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Submissions 2
APGAJan 25, 2024 9:53:15 PM2 min read

Draft Compensation and Dispute Resolution Frameworks

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The Australian Pipelines and Gas Association (APGA) represents the owners, operators, designers, constructors and service providers of Australia’s pipeline infrastructure, connecting natural and renewable gas production to demand centres in cities and other locations across Australia. Offering a wide range of services to gas users, retailers and producers, APGA members ensure the safe and reliable delivery of 28 per cent of the end-use energy consumed in Australia and are at the forefront of Australia’s renewable gas industry, helping achieve net-zero as quickly and affordably as possible.

APGA welcomes the opportunity to contribute to the AEMC’s consultation on the National Gas Amendment (Compensation and dispute resolution frameworks) Rule. This work fulfils a request from the Energy and Climate Ministers Council to provide permanent dispute resolution and compensation frameworks following the Part 27 reforms.

APGA appreciates the engagement and consultation the AEMC has undertaken to date on this proposed amendment, and considers that this framework is a positive step forward from the current temporary arrangements. APGA does have concerns with the design of this framework, centred on exclusion of consequential costs for compensation.

Exclusion of consequential costs for compensation

The draft determination of the AEMC excludes consequential costs from eligibility for compensation. The consultation paper instead considers that “a pipeliner may be able to refuse [to comply with a direction] due to jurisdictional requirements, i.e. safety” [or quality]. AEMO notes that this would override AEMO directions under the East Coast Gas System (ECGS) framework and the National Gas Rules, and concerns around safety and quality can be resolved through communication between AEMO and the pipeline operator.

While jurisdictional requirements should override such directions without penalty, there is not sufficient certainty that this will occur in practice. The National Gas Rules do not require AEMO to take into account information or communications from pipeline operators around proposed directions, including that that direction may result in a safety or quality risk. Pipeline operators therefore have no way to be certain that their concerns around safety or quality issues as a result of a direction have been acknowledged.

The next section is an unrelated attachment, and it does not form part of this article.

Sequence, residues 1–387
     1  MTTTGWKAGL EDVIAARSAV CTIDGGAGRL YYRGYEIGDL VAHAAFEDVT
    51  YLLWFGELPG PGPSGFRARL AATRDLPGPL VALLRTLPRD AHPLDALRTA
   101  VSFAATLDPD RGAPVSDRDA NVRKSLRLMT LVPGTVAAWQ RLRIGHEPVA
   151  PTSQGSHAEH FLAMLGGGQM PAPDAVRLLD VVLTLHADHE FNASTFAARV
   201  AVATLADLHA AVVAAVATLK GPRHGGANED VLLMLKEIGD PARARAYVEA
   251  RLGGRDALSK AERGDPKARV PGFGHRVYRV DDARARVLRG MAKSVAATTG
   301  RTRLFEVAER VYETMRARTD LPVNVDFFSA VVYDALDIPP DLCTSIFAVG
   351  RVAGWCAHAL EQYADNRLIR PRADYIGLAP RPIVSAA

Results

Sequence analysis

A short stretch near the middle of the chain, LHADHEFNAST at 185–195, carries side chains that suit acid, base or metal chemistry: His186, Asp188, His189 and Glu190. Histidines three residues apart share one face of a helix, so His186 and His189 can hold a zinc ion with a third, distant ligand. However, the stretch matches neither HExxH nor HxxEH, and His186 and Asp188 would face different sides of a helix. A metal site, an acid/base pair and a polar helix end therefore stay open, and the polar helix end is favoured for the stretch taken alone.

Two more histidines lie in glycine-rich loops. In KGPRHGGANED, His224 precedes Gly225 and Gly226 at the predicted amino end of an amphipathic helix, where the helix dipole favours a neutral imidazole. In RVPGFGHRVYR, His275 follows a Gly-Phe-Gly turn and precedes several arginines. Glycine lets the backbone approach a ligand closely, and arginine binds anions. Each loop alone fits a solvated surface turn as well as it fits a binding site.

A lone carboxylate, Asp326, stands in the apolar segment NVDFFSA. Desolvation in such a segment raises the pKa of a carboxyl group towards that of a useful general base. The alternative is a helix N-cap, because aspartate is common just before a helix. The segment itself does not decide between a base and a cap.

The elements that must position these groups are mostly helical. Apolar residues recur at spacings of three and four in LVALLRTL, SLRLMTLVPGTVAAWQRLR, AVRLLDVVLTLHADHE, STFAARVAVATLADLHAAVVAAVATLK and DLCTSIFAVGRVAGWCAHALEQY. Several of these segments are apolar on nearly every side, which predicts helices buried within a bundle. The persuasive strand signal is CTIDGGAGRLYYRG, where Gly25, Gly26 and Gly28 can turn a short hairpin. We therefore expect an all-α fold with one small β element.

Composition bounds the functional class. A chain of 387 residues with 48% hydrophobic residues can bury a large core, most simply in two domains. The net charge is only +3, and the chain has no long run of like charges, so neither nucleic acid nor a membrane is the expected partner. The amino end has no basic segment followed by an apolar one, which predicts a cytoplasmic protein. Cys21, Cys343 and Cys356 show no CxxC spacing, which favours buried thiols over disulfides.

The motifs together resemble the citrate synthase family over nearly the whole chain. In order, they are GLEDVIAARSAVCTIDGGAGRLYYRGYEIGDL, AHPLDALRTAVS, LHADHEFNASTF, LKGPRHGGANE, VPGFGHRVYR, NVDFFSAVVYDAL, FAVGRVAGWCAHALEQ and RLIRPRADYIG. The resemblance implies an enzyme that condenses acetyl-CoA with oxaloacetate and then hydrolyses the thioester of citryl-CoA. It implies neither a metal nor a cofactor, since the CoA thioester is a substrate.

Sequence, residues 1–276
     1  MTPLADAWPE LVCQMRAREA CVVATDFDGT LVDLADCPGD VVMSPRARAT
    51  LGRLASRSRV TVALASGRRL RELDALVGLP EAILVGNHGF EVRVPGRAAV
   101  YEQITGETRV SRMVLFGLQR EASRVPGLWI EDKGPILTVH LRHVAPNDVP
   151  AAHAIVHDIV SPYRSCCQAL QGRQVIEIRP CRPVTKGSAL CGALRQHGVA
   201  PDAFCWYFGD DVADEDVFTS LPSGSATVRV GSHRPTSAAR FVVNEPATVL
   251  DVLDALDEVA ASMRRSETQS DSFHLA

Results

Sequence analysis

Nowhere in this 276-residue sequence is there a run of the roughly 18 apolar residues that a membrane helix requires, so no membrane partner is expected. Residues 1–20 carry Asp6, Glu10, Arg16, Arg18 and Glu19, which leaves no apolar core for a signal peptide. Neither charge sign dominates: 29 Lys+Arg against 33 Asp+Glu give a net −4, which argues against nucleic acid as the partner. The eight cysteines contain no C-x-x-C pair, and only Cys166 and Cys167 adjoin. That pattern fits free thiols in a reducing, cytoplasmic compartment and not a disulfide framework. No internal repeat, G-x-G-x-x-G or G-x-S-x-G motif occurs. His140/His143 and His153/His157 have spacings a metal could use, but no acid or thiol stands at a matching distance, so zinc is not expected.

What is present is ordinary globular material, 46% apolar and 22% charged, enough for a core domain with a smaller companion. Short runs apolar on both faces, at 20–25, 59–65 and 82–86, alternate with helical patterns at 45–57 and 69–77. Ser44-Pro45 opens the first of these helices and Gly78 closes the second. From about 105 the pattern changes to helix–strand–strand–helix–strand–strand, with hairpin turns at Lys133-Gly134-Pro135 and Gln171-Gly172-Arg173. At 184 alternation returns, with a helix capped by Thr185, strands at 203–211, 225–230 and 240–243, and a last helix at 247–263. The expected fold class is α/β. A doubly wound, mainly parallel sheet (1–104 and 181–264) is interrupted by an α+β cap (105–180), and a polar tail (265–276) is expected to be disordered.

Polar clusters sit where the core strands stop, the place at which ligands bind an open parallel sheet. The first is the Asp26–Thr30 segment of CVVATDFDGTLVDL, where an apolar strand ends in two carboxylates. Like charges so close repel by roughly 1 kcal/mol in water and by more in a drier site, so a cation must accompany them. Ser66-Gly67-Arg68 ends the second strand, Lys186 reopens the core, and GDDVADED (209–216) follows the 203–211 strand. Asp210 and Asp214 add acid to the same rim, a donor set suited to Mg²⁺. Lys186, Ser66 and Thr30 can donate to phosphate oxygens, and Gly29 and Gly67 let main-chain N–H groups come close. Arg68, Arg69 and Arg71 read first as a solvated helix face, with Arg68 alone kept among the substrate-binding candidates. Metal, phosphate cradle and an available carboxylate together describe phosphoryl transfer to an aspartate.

There are also practical considerations, where a pipeline operator may only have a short period of time to assess whether compliance with a direction may result in safety or quality issues or noncompliance with jurisdictional law. Both these factors may result in pipeline operators taking a more conservative approach to directions than otherwise to avoid consequential costs.

APGA therefore does not support the AEMC’s decision to exclude consequential costs from eligibility from compensation.

Clarification of proposed rule 706

APGA also concurs with Jemena’s proposal that rule 706 be modified to better clarify that such behaviour must be intentional or reckless to contravene the rule, as follows:

A relevant entity must not by any act or omission, either intentionally (or being recklessly, as to the probability) exacerbate the direct costs incurred or likely to be incurred by the relevant entity or another person as a direct result of AEMO issuing an east coast gas system direction, without reasonable cause.

To discuss any of the above feedback further, please contact me on +61 422 057 856 or
Yours sincerely,
National Policy Manager
Australian Pipelines and Gas Association



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